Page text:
Outward Bound School
In 1965 Joshua L. Miner III , president of Outward Bound  in the United States, came to North Carolina to encourage the founding of a new school based on his philosophy that young people needed authentic adventure and challenges in order to break out of the "cult of comfort and conformity" in which they were raised. In January 1966 a group of prominent citizens officially incorporated the North Carolina Outward Bound School  and began the process of raising $300,000 to construct the necessary facilities. Early supporters included Governor Terry Sanford ; Lieutenant Governor Robert Scott ; Watts Hill Jr. , chairman of the State Board of Higher Education; and Waldo Beach, head of the graduate school of religion at Duke University . L. Richardson Preyer , a former federal judge and candidate for governor in 1964, was elected chairman of the board. Preyer praised the Outward Bound idea-which has its roots in Great Britain in the 1940s-as an effort to "fulfill the need to preserve an undefeatable spirit and drive of youth by kindling the joy of exploration and adventure."
Marjorie Calloway and Jack Mansfield, director of special projects for the North Carolina Fund , selected the Linville Gorge  area of the Pisgah National Forest  as the site of the Outward Bound School. Designed by founder Kurt Hahn, the original plan called for a year-round school that would hire about 30 instructors and accommodate 1,000 students per year. The emphasis was on young people ages 16 to 23. The group would undergo a 26-day training program with a progressively more rigorous series of physical challenges. The training was based on the concept that "experience in encountering physical and intellectual danger leads to a self-comprehension that enables one to persevere when confronted with challenge." The climax to the training was a three-day "solo" experience in which the students were left to survive in the wilderness with minimum supplies and no outside assistance. The school drew students from all economic, social, and geographic backgrounds. Half were required to pay the full tuition of $350, and the rest attended on scholarships provided by various civic and business organizations.
By 1980 the Outward Bound School had expanded its curriculum and service components. The school emphasized environmental awareness from the beginning and began partnering with the U.S. Forest Service  to collect litter (the "leave no trace" camping technique) and maintain the extensive trail system in Pisgah National Forest. Students and staff work at the Wildlife Care Center for injured animals and volunteer at the Signature Home in Morganton  for developmentally disabled adults. Each course of instruction incorporates a day of service, and staff and students complete more than 4,300 days of service each year.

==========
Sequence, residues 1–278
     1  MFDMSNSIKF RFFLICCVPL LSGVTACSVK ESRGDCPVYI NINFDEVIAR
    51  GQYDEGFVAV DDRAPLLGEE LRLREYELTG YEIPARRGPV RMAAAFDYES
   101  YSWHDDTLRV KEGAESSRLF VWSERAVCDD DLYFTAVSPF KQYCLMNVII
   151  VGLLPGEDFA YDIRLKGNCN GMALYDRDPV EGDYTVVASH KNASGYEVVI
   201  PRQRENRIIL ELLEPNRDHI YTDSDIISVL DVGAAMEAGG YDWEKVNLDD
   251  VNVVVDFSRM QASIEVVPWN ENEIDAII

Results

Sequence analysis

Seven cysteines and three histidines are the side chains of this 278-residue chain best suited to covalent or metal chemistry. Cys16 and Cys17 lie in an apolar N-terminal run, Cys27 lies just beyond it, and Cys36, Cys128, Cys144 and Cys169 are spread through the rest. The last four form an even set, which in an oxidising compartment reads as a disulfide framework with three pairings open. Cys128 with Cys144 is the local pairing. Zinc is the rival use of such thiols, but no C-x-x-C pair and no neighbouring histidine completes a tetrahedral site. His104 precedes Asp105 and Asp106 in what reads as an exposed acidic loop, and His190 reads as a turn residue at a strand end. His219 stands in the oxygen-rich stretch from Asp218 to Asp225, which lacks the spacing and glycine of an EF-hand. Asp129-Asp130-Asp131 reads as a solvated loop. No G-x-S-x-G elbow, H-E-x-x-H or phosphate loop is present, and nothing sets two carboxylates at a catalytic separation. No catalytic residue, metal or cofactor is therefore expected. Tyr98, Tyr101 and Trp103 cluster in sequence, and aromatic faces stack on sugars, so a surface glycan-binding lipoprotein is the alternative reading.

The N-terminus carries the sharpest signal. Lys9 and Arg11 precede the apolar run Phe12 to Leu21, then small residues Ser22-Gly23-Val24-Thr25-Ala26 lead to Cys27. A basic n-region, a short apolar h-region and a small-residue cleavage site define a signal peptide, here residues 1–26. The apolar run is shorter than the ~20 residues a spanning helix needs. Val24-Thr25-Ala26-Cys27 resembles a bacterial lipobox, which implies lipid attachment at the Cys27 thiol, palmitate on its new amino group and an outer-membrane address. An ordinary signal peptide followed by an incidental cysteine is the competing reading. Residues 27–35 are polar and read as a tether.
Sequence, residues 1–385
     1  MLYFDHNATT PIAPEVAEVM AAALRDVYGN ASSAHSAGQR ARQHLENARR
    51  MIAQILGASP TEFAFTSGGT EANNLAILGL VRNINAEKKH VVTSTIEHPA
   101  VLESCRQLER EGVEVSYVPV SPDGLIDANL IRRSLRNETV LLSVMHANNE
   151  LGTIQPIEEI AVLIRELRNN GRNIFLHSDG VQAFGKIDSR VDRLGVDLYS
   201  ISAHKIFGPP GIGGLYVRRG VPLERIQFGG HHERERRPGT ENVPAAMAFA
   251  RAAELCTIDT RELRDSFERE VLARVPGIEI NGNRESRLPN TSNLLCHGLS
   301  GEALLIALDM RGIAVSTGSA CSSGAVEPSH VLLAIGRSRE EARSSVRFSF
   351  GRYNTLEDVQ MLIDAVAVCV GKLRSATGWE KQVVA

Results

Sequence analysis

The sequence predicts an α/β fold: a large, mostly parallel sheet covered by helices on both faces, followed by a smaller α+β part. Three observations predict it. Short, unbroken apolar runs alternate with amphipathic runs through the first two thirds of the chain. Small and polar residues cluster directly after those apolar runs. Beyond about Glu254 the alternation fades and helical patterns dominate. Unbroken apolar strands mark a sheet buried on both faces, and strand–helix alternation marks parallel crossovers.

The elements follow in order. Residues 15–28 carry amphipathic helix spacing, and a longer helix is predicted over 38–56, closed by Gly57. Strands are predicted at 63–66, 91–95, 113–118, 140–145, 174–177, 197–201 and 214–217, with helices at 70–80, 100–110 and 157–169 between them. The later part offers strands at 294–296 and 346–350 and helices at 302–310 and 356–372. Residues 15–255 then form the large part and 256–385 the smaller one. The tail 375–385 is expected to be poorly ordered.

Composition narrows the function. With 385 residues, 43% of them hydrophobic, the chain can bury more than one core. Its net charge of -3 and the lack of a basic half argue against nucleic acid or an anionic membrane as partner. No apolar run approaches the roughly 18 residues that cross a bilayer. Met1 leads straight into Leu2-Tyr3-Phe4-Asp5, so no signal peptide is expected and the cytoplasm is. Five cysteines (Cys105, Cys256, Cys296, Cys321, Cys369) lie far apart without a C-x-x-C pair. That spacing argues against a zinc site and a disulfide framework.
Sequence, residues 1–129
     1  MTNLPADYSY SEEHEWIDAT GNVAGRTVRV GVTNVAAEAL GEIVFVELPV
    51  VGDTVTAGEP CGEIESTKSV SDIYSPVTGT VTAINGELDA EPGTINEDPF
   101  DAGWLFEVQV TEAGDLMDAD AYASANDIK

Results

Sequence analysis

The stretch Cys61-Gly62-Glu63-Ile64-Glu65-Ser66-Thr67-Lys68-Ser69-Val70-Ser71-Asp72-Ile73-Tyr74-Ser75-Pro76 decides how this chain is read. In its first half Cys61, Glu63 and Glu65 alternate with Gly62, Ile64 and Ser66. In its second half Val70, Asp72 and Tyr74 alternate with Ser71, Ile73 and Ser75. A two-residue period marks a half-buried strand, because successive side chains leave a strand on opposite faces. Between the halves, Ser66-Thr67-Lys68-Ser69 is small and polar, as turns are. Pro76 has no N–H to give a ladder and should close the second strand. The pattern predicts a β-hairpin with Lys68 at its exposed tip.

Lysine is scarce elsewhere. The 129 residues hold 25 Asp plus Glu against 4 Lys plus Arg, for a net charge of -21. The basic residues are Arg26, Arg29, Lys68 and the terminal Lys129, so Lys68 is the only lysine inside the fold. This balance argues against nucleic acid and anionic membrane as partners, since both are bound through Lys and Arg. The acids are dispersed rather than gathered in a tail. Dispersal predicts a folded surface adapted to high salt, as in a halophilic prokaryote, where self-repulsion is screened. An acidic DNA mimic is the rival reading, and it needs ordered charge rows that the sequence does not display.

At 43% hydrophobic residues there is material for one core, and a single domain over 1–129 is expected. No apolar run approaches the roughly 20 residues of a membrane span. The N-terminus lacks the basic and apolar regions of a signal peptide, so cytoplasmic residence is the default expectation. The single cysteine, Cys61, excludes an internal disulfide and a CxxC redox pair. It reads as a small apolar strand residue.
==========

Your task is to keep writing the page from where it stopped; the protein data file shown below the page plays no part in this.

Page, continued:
By the early 2000s the private, nonprofit, nonsectarian North Carolina Outward Bound School had adventure courses in western North Carolina , the North Carolina Outer Banks , the Florida Everglades, the Bahamas, Costa Rica, and northern Patagonia (Argentina). The school offers a variety of courses, from backpacking, rock climbing, and mountain biking to white-water canoeing. The emphasis remains on challenge and personal growth. Courses are geared toward youth ages 14 to 21, but there are courses for women only, educators, parents and teens, as well as an instructor training course and a Going Beyond course designed for adults age 50 and older. The school also offers professional development programs for businesses with an emphasis on leadership, team building, and communication as well as semester courses offered for college and high school credit. Outward Bound provides nearly $200,000 annually in scholarships.
Martin Flavin, Kurt Hahn: Schools and Legacy (1996).
Dan Meyer, To Know by Experience: Outward Bound, N.C. (1979).
Joanna Richardson, "Adventures in Learning," Education Week 14 (9 Nov. 1994).
North Carolina Outward Bound: http://www.ncobs.org/ 
Outward Bound trip in the Outer Banks. Image courtesy of Flickr user bikesandwhich. Available from http://www.flickr.com/photos/biblicone/3890502675/  (accessed September 12, 2012).
1 January 2006 | Pleasants, Julian M.